Learning to Kite in Tobago – Part 2 Destinations / From the Water

If you missed the first part of this blog series, have a read over “Learning to Kite in Tobago – Part 1”.  If you’ve been desperately creeping the blog hoping for the continuation, this is your lucky day! In the last post, I talked a bit about the island of Tobago and the best place to find kiting friends, Radical Sports Tobago. This time, it’s all about the ride. Here’s a synopsis of my kitesurfing trip in Tobago with pros and cons listed below.

1. It’s Windy, Wait, No It’s Not

The wind was very unpredictable, and particularly gusty. Apparently, the wind would come from over land most of the time which tends to creates pockets of highs and lows, and sometimes nos. One moment I would feel completely overpowered by howling gusts, and the next minute the kite would drop out of the sky, and I would spend entire downwind sessions watching the kite flop from one side to the next, as I tried to relaunch it from the water.

PROS: Kite control, kite control, kite control. When you can’t control the kite, you spend all of your time learning how. As a beginner, that’s incredibly important. Plus, I spent what seemed like countless hours practicing relaunching my kite from the water, which is another very valuable skill.


CONS: Dealing with unpredictable winds is frustrating for any kiter, but utterly maddening when you are a beginner. It’s like learning to ride a horse with a blindfold on… you’re anticipating the worse, hoping for the best, and you’ll probably want to stop before you really hurt yourself. I was bruised and rattled after day 1, but thankfully on day 2 and 3, winds were a little more consistent.

2. Stand or Slam in Shallow Water

Shallow, clear water is just off the shore of Pigeon Point beach which is bordered by a nice reef break not too far out.

PROS: The shallow water was a nice change from Barbados when practicing basic skills. A little less scary than practicing on land where more serious injuries can easily happen after some bad maneuvering. And, I did enjoy having solid ground to stand on when trying to relaunch my kite when it would randomly fall out of the sky. It’s much better than being dragged by currents while you try to relaunch.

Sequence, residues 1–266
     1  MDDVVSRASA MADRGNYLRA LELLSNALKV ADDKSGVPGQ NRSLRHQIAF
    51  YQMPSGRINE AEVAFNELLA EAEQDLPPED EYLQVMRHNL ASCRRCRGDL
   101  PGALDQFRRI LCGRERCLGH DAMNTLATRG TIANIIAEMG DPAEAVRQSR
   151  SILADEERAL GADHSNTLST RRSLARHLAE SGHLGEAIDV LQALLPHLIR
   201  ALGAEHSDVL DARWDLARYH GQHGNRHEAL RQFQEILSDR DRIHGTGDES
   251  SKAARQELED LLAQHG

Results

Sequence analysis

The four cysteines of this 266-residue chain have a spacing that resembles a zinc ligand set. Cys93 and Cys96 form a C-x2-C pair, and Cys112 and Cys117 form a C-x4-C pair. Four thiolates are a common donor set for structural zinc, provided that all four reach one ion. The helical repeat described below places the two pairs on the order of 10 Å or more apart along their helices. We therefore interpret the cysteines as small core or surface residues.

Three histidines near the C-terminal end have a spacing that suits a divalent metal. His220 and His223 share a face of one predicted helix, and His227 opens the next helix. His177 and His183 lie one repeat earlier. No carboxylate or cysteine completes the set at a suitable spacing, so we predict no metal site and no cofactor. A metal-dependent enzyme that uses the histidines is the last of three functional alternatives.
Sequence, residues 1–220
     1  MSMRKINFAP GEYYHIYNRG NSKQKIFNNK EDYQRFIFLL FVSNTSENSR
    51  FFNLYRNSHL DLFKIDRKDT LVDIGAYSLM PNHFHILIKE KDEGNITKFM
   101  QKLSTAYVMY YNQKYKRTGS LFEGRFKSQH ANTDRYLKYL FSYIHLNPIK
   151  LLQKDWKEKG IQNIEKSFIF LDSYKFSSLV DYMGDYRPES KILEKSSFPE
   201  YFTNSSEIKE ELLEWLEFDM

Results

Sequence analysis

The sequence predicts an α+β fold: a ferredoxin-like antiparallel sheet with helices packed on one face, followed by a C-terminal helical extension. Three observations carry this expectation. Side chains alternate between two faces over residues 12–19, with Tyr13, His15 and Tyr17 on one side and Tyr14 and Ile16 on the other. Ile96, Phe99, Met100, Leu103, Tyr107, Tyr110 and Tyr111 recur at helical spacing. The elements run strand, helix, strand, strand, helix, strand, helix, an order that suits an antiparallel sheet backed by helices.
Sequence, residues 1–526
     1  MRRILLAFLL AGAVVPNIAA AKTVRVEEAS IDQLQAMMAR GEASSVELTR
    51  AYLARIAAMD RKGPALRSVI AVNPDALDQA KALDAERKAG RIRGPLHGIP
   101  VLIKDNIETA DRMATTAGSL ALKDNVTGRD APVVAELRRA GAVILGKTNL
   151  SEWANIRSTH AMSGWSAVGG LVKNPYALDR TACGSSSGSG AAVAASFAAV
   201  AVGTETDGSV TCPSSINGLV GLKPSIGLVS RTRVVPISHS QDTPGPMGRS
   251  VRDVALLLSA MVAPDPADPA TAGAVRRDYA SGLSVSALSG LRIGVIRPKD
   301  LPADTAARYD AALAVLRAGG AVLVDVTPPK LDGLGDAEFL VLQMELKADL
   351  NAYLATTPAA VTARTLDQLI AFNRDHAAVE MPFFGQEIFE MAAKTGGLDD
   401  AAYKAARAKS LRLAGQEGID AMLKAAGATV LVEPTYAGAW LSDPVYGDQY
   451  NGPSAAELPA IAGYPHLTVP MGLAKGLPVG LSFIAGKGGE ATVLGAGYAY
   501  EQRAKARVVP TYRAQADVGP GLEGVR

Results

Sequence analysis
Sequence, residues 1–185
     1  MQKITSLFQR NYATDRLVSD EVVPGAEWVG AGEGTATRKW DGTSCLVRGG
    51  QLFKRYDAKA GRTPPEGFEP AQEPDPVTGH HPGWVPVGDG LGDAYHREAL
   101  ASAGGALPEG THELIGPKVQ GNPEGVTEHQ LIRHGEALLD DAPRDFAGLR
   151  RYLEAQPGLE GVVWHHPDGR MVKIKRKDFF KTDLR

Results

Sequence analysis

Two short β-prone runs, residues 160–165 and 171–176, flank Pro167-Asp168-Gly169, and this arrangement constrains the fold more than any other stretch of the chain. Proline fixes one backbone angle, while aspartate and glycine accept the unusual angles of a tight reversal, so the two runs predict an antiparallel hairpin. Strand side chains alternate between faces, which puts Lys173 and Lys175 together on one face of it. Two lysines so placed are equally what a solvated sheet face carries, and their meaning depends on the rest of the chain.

CONS: When I would get up on the board and lose control, shallow reef water was not convenient anymore, it was terrifying. One particular launch off my board sent me flying and I landed pretty hard on my foot, hitting the firm sand below. My ankle was a bit tender, but nothing major happened. I felt very lucky that it wasn’t reef.

3. Multiple Long Practice Runs: Priceless.

For those taking kitesurfing lessons at Radical Sports Tobago, downwind sessions are part of the package. For experienced kiters, you can pay a nominal fee to have a boat take you upwind, so you can enjoy a good long down-winder.

Kiting in Tobago

PROS: This was by far the best part of my experience of learning to kitesurf in Tobago. My instructor, Nigel, and I would hop in a small fishing boat, and head upwind, a few kilometers away from shore. It was the ideal distance where I would be able to consistently practice getting up on the board. Long sessions with an instructor following me around in boat (and offering the occasional board delivery) was really great for making the most out of each lesson. It was also nice to have my instructor close by offering tips after each ride. It sure beats trying to hear a whistle or to understand some foreign sign language from what appears to be a raving ant on the beach.

CONS: There are none. If it’s too long, if you get frustrated, or hurt, or whatever, your instructor is always there, and so is the boat.

4. Randomness of Patience and Party Boats

Calm instruction goes a long way, and apparently so do the party boats on the way to No Man’s Land, a popular BBQ beach spot.

PROS: I cannot speak highly enough about my instructor, Nigel at Radical Sports Tobago. He was very experienced, very encouraging, and probably the most patient instructor I have yet to meet. When I was reaching my wits end and slowly entering meltdown mode, he would calmly utter a few words of advice, and complete the sentence with ‘ok, let’s go’ or something to suggest, it’s time to get at it again. That was enough for me stay grounded in moments of complete frustration. I probably would never have pushed myself as hard as I did if it wasn’t for his cool and calm instructions.

CONS: Unless I am on a party boat, I don’t particularly like having them nearby when learning to kite.  Mostly on weekends, glass-bottom boats loaded with tourists and locals would often pass through the kiting area on their way to a popular snorkel and beach barbecue spot on the distant shore. Although the fans of onlookers made me feel like a warrior on display, battling winds and rising to the occasional victory ride, I could have done without the potential hazard.

Go Experience the Bago Vibz

Overall, learning to kitesurf in Tobago was great, battle bruises included. It was three days of consistent kitesurf practice, and I needed it. I came back to Barbados much stronger than I was before, and felt far more confident riding the wavier aqua-terrain. Although the winds can be gusty in Tobago, varying wind conditions will teach you a lot of other must-knows which will benefit you in any kiting location. I highly recommend Tobago as a kiting spot for beginners as well as experienced kiters, and will definitely be going back to experience those ‘Bago Vibz’.

Fiercely independent sun-seeker who enjoys challenging status-quo living. Committed to quenching an endless thirst for knowledge and beauty in this world, ticking each new experience off one at a time. Seduced by words thoughtfully woven together. Breathing for now, with an open mind, a wild heart, ready for whatever comes next. Find her on instagram @lifeofkellyb

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